Garin Cecchini and an Increasingly Interesting Future Infield


One of the most enviable things in Major League Baseball is depth. Especially depth that is young, talented,  and cost-controlled for years and years, quality depth is something that often separates the good teams from the great ones.

The Red Sox have just that on the left side of their infield, both at the major and minor league level. Will Middlebrooks, Jose Iglesias, and Stephen Drew have combined to be a fairly productive group thus far into the season, with all three showing the potential for continued and future success. In the minors, shortstop/third baseman Xander Bogaerts is one of the premier offensive prospects in the game and Devin Marrero, also a shortstop, was the Sox’s first round selection in last year’s draft. However, there is a name that is only now being mentioned with the previous class of minor league infielders due to his surprising performance this season. And his name is Garin Cecchini.

May 2, 2013; Toronto, ON, Canada; A bat and a baseball and a batting glove on the turf field during batting practice before the Toronto Blue Jays game against the Boston Red Sox at Rogers Centre. The Red Sox beat the Blue Jays 3-1. Mandatory Credit: Tom Szczerbowski-USA TODAY Sports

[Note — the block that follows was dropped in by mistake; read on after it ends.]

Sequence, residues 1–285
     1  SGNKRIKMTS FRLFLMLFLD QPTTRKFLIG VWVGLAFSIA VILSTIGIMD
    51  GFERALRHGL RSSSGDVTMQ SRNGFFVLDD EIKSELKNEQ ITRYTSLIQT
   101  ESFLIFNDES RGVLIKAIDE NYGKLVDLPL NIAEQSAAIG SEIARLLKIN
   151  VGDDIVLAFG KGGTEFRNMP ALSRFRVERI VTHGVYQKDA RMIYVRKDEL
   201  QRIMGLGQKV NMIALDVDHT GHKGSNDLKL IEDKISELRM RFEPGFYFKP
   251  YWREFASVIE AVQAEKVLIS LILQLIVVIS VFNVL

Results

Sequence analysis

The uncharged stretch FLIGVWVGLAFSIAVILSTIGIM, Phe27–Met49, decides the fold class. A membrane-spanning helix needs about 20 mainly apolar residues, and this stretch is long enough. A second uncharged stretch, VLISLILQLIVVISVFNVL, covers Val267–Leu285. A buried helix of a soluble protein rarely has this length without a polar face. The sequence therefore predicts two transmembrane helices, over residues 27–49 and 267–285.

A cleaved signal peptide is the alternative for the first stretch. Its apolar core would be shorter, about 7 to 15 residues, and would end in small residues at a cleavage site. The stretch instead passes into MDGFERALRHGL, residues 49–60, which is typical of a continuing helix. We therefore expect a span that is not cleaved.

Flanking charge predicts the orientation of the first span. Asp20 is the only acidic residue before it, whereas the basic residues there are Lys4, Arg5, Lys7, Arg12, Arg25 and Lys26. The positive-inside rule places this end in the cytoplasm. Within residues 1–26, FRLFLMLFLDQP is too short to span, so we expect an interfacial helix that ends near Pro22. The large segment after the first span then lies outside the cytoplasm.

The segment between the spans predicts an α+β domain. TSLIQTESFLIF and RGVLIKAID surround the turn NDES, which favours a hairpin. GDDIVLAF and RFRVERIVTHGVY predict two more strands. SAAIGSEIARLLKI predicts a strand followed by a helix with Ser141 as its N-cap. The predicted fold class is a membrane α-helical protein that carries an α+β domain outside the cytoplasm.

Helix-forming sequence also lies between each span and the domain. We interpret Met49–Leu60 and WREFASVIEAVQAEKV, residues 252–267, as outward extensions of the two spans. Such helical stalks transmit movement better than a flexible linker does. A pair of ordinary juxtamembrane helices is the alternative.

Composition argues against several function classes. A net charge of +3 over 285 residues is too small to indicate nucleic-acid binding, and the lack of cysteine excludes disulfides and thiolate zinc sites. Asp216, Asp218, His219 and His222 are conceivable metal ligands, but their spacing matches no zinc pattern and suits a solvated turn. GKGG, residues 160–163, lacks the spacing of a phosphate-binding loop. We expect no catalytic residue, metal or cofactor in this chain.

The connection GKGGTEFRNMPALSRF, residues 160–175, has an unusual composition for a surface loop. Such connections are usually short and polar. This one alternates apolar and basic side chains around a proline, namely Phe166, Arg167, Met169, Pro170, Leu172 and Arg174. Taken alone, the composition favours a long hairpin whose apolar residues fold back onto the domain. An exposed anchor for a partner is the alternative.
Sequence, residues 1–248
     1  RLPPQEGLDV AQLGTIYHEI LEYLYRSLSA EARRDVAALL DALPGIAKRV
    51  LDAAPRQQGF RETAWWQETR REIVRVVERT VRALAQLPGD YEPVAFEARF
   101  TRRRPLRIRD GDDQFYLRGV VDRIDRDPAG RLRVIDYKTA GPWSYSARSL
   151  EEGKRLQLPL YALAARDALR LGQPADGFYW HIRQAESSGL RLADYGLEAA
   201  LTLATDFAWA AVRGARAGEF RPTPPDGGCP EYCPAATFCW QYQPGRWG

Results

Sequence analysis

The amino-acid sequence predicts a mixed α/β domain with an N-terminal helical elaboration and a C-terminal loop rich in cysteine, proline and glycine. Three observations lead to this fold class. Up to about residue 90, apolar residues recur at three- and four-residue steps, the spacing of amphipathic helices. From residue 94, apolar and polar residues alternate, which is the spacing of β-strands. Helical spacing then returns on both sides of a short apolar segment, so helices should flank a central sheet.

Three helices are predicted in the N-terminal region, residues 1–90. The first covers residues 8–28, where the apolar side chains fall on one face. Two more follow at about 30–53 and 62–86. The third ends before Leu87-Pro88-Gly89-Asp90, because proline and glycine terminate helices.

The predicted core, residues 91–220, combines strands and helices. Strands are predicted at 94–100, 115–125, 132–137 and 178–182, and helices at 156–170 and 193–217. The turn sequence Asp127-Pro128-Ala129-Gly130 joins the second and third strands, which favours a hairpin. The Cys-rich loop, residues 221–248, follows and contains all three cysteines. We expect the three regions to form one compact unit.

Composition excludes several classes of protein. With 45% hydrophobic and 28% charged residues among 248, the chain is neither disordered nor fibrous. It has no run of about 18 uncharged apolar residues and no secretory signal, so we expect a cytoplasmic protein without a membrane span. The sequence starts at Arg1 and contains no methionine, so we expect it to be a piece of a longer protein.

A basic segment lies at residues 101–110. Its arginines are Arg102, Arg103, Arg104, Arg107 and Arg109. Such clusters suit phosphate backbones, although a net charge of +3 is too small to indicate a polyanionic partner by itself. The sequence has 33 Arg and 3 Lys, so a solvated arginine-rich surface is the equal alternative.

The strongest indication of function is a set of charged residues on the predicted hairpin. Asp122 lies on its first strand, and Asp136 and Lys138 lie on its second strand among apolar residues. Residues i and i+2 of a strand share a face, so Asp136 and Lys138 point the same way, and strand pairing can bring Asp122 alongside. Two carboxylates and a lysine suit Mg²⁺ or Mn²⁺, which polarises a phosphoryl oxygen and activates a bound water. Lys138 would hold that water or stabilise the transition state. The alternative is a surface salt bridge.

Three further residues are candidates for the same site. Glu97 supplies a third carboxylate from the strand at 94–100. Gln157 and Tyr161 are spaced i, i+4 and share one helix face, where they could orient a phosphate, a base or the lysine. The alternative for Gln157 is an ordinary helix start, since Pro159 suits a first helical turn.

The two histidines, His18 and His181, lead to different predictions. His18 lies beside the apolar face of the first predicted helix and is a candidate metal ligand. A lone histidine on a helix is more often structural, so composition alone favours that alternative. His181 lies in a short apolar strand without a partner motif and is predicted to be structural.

Cecchini, a fourth round pick by the Sox in 2010, has exploded as an elite prospect this year with his production at High-A Salem. Hitting .354/.469/.552, Cecchini has shot up prospect rankings including a 23rd place spot (ESPN Insider required) among noted scout Keith Law’s top 25 prospect list.  Additionally, with the reputation of being a solid defender at the hot corner, it is unlikely that Cecchini will have to move off of the position. Therefore, Cecchini’s name only further adds to the foreseeable logjam of third basemen for the Sox.

Clearly, Cecchini’s emergence has made future projections of the Red Sox infield into a giant mess. With basically five guys (Drew should be gone by this time) fighting for two spots, pressure is sure to mount on each player for playing time. With that said, I’ve always been a believer that pressure brings out the best in players and hopefully, things will work themselves out over time. Perhaps even, one of these players could be the major piece in a pivotal deadline deal, securing both a present upgrade and alleviation from a future headache. But for now, appreciate the problem that the Red Sox are currently saddled with. It’s a luxury most teams don’t have.